Photo/Illutration The looping roller coaster Do-Dodonpa at the Fuji-Q Highland amusement park in Fujiyoshida, Yamanashi Prefecture in 2017 (Provided by Fuji-Q Highland)

FUJIYOSHIDA, Yamanashi Prefecture--A looping roller coaster here near Mount Fuji has been shut down for inspection after four people on the ride sustained broken bones between December last year and Aug. 12.

Riders on the Do-Dodonpa roller coaster at the Fuji-Q Highland amusement park sustained fractures including in their necks, chest and backs, Yamanashi Prefecture announced on Aug. 20.

The park reported the string of incidents to the prefectural government and the transport ministry on Aug. 17 and they began an investigation into its office on Aug. 21.

In each accident between December 2020 and Aug. 12 when a rider was reported injured, the park notified the prefectural police.

But the park did not report the accidents to the prefectural government until Aug. 17, after the fourth accident occurred on Aug. 12, drawing the wrath of Yamanashi Governor Kotaro Nagasaki.

“I think that if they reported them earlier and took appropriate actions, some accidents could have been prevented,” Nagasaki said at an Aug. 20 news conference.

The Do-Dodonpa attraction opened in 2017 to replace another roller coaster, according to the park.

While most roller coasters ascend to a high position and then shoot down from there, accelerating through gravity, the roller coaster cars in Do-Dodonpa are propelled mechanically and hit a speed of 180 kph some 1.56 seconds after the ride starts.

The first accident on the ride occurred in December 2020, according to the prefectural government and the park.

A woman in her 30s who took the ride began to have pain after returning home from the park. She went to see a doctor and found out that she had fractured bones in her neck and chest, requiring two months to heal.

In May 2021, a man in his 40s sustained a compression fracture in his backbone, requiring one month to recover, and in July a woman in her 50s experienced fractures in her neck and backbone from riding the roller coaster.

Following each incident, the park staff checked the rails, roller coaster and equipment. After the third accident, they also checked the roller coaster's accelerating speed, but found no problems.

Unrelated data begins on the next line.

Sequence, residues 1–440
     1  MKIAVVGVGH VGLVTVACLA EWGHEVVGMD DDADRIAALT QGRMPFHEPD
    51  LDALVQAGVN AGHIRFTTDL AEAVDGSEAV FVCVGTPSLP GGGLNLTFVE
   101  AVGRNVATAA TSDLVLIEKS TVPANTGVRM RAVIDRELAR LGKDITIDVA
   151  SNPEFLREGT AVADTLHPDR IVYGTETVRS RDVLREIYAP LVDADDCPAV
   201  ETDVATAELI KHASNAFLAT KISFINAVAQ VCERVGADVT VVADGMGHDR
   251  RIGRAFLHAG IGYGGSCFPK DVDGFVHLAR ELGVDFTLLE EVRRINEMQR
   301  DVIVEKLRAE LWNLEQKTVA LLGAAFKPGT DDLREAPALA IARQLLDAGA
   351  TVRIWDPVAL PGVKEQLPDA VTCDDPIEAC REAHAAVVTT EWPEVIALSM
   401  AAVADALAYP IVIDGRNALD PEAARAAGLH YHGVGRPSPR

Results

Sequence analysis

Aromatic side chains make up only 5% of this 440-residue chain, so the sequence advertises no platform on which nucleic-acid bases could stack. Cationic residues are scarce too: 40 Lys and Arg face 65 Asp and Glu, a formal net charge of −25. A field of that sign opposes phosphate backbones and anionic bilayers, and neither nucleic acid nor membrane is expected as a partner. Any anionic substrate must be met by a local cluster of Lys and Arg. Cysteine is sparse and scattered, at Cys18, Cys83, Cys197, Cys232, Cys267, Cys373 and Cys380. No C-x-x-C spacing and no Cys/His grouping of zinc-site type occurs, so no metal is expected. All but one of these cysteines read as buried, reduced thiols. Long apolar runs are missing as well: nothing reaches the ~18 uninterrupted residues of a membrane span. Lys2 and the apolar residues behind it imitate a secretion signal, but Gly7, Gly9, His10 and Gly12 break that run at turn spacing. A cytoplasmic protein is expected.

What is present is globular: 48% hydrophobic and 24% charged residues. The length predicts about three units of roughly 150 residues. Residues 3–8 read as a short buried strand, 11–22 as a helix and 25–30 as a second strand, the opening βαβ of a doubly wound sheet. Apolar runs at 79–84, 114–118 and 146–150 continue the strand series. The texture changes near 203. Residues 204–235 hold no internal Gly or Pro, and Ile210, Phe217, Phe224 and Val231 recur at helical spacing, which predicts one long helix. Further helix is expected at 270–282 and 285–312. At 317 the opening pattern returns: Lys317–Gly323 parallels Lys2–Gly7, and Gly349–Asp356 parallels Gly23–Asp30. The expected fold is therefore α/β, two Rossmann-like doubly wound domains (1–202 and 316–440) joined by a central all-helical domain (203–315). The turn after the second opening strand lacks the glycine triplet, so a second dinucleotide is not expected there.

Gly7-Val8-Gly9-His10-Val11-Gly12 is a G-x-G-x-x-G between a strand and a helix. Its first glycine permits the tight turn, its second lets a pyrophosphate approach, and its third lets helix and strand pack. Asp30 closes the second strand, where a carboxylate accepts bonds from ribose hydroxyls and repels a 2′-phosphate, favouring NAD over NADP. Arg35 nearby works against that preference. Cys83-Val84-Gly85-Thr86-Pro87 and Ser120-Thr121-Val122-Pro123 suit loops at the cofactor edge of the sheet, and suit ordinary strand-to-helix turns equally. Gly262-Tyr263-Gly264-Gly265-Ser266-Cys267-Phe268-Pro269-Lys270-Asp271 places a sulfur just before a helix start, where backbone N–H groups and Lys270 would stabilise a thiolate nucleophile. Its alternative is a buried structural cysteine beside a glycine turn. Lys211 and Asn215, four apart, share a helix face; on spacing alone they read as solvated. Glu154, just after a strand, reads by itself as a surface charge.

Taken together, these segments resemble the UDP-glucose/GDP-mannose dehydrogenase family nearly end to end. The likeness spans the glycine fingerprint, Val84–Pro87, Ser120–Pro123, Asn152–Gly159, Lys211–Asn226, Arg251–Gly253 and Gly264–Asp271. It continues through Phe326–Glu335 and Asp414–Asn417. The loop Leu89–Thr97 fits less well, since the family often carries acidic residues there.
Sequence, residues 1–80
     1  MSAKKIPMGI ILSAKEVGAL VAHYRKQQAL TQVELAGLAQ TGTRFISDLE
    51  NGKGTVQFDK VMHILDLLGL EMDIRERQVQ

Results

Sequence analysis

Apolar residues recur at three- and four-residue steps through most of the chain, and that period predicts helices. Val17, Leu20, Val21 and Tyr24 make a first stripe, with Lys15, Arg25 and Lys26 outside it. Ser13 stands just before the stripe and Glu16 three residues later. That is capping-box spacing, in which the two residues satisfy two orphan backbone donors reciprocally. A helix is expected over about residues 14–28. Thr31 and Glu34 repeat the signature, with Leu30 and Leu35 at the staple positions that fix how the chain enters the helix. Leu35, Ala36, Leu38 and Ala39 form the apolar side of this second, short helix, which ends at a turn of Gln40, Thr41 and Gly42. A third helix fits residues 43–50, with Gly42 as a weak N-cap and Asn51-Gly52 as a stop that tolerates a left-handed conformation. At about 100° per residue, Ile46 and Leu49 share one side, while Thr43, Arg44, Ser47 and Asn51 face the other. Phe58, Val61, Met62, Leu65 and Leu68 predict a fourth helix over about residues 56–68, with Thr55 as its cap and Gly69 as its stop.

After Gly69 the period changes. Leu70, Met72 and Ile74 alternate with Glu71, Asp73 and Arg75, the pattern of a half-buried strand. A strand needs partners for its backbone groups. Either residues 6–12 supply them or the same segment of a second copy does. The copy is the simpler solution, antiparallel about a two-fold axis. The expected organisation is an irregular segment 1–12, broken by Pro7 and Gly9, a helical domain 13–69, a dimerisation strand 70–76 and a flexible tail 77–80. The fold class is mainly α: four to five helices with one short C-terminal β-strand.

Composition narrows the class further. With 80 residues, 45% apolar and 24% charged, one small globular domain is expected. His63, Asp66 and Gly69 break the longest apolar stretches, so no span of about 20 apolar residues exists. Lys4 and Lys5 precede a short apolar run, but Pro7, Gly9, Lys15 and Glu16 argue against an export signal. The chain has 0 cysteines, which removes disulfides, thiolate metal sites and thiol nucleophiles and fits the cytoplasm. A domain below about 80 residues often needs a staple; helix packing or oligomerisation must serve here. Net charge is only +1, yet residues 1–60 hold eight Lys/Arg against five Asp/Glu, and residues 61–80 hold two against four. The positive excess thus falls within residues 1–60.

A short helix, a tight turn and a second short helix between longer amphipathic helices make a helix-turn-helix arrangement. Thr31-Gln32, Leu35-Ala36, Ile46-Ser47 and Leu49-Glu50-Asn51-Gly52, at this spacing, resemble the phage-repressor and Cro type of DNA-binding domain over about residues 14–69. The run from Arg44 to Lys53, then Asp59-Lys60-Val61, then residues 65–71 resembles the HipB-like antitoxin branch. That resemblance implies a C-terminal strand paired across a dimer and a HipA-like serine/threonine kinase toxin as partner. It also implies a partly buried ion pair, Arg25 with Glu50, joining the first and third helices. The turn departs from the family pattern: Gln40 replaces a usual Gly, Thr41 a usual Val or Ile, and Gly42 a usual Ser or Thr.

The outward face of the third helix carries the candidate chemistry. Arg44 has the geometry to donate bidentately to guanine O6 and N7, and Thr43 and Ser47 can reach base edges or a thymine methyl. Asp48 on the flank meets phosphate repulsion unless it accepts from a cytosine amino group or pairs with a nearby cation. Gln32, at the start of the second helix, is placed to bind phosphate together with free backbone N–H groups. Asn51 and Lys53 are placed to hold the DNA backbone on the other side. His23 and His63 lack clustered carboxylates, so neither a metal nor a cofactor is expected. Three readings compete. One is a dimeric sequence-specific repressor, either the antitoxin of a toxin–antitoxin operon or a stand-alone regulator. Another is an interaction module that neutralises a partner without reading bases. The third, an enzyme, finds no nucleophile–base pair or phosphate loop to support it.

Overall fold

From the accounts of the injured riders, the park judged that the accidents occurred due to the riders' failure to take the proper precautions by not staying properly seated on the ride and continued its operations.

During the eight months when the injuries were reported, the total number of riders of the roller coaster was about 210,000.

On Aug. 12, when the fourth accident was reported, involving a man in his 30s who suffered a compression fracture in his neck, the park decided to suspend operations of the roller coaster and begin a full inspection of the attraction that day.

“The prefectural government told us that we should have reported it earlier. There were some gaps in understanding the situation among us,” a park official said. “We would like to respond to this matter more appropriately.”

Operators who manage recreational equipment or attractions are asked to report all serious accidents, according to the prefectural government, though they are not legally obligated to do so.

The park's Aug. 17 report to the prefectural government was the first on an accident resulting in injury for Do-Dodonpa.

An official of the prefecture said that the prefectural government made the report public out of concern for public safety.

“A string of accidents occurred, and we judged that they were serious cases, and so we announced them,” the official explained.

(This article was written by Katsumi Mitsugi and Tatsuhiko Yoshizawa.)